Penguins' players try to ignore off-ice drama
Thursday, March 08, 2007
By Shelly Anderson, Pittsburgh Post-Gazette
The Penguins keep winning. Their comeback, 5-4 shootout win at Ottawa Tuesday night kept them solidly in fifth place in the Eastern Conference and moved them to within seven points of the Atlantic Division-leading New Jersey Devils, who will haul a three-game losing streak into Mellon Arena tonight.
In a world with fewer distractions, that would make for a great story line.
But, with the team's future in the air and negotiations for a new arena apparently coming to a head, the players can't help but get caught up some in the off-ice news -- especially the development this week that Penguins owners believe they are at an impasse with state and local politicians and are stepping up their interest in relocating the club.
"We haven't really discussed it much. We've been pretty busy with playing," Penguins winger Colby Armstrong said yesterday after practice at Mellon Arena.
"But, at the same time, the new news kind of popped up. We'll see what happens with the new rink. It's out of our hands, but it's obviously of interest to us because it's the future of this team and everybody in this room."
Several players said they do not get updates from upper management and follow the efforts to get a new arena mostly through the same news reports as fans.
"It's getting tough at times [to ignore]," forward Jordan Staal said. "I don't think anyone in this dressing room wants to move. I think it's getting pretty close to crunch time, or maybe it's been like that for a while.
"It's upsetting. I know the fans really want us to stay."
The Penguins' future has been cloudy for some time. The club was for sale most of last year, but a transaction didn't materialize. Their lease at Mellon Arena expires in June, meaning they will be free to move to another city if there is no lease agreement and financing in place for a new local venue.
That has been a difficult juxtaposition for a team of young players that has exceeded expectations after finishing second-to-last in the overall NHL standings last season.
They are left chugging toward the light at the end of the tunnel on the ice and toward the darkness of an uncertain future away from the rink.
"I think the better we do, the more excitement it draws from the city and there's a bigger push for everyone to want to keep the team here and get a new rink for us," Armstrong said. "There's a lot of behind-closed-door stuff that needs to be done to straighten it out. We're not politicians or owners or anything in [the locker] room. We just have to worry about winning games.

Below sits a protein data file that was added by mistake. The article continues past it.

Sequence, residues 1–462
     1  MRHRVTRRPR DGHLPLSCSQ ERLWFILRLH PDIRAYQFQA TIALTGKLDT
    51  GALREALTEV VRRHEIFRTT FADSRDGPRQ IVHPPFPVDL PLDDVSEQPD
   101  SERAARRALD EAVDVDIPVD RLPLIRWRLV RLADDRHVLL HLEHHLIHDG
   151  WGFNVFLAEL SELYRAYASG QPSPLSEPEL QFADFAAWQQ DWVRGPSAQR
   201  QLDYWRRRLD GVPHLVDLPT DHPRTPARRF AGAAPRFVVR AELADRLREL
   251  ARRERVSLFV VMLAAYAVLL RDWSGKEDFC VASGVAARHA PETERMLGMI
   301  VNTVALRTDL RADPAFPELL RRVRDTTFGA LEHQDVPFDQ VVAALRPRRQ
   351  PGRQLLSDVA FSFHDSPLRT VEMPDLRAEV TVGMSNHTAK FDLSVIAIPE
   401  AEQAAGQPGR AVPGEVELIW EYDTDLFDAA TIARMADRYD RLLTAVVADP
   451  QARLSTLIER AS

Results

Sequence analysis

"I guess if we had to do our part, it would be winning games. We've had great fans all year long. We just have to keep winning and playing well."
If the team does that, it no doubt will make the playoffs for the first time since 2001.
Postseason games at Mellon Arena always have been raucous, but there is a chance that it could be a lame-duck team by then.
"That would be tough," Staal said. "This town is ready to erupt pretty soon, especially if we make the playoffs. I definitely don't want to move. I love it here."
For some, the drawn-out process of deciding the team's future has gotten to the overload point.
"You hear little bits and pieces," defenseman Brooks Orpik said. "Everybody is getting kind of tired about hearing about everything without anything happening.
"Guys are still interested, obviously, but we've had so many games that it's gotten kind of pushed aside in our locker room."
Center Sidney Crosby, who leads the NHL in scoring and has become the face of the league in many ways, is another player who does not invest too much emotion into the team's off-ice plight.
"It's been such an up-and-down thing the whole year. It seems like it's always changing, always different stories," he said. "I don't really look into it that much. When the day comes to make a decision, you take that decision and move on. Hopefully, it will be to stay here, but it's out of our control.
"The fans have shown their support and done everything they can. It's up to certain people, and we'll see what happens."
When a decision is made, Penguins players can't count on Crosby for the news, even though he lives with the family of team owner Mario Lemieux.
"You would think Sid would be on top of it, living at Mario's house, but he's the one that's always asking the questions," Orpik said.